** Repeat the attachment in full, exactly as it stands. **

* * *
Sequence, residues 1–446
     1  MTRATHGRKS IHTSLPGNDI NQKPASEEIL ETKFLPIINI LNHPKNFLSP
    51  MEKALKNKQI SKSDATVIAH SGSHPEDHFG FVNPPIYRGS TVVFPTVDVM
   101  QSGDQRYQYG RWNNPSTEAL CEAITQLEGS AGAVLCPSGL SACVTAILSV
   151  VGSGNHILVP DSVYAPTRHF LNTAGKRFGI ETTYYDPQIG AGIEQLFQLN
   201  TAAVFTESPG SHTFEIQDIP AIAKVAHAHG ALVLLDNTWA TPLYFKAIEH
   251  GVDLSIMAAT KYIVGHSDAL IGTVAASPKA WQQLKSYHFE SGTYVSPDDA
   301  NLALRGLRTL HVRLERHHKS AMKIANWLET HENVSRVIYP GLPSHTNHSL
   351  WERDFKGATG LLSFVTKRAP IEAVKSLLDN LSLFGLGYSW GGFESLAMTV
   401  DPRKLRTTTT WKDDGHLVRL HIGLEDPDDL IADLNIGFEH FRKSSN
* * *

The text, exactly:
Sequence, residues 1–446
     1  MTRATHGRKS IHTSLPGNDI NQKPASEEIL ETKFLPIINI LNHPKNFLSP
    51  MEKALKNKQI SKSDATVIAH SGSHPEDHFG FVNPPIYRGS TVVFPTVDVM
   101  QSGDQRYQYG RWNNPSTEAL CEAITQLEGS AGAVLCPSGL SACVTAILSV
   151  VGSGNHILVP DSVYAPTRHF LNTAGKRFGI ETTYYDPQIG AGIEQLFQLN
   201  TAAVFTESPG SHTFEIQDIP AIAKVAHAHG ALVLLDNTWA TPLYFKAIEH
   251  GVDLSIMAAT KYIVGHSDAL IGTVAASPKA WQQLKSYHFE SGTYVSPDDA
   301  NLALRGLRTL HVRLERHHKS AMKIANWLET HENVSRVIYP GLPSHTNHSL
   351  WERDFKGATG LLSFVTKRAP IEAVKSLLDN LSLFGLGYSW GGFESLAMTV
   401  DPRKLRTTTT WKDDGHLVRL HIGLEDPDDL IADLNIGFEH FRKSSN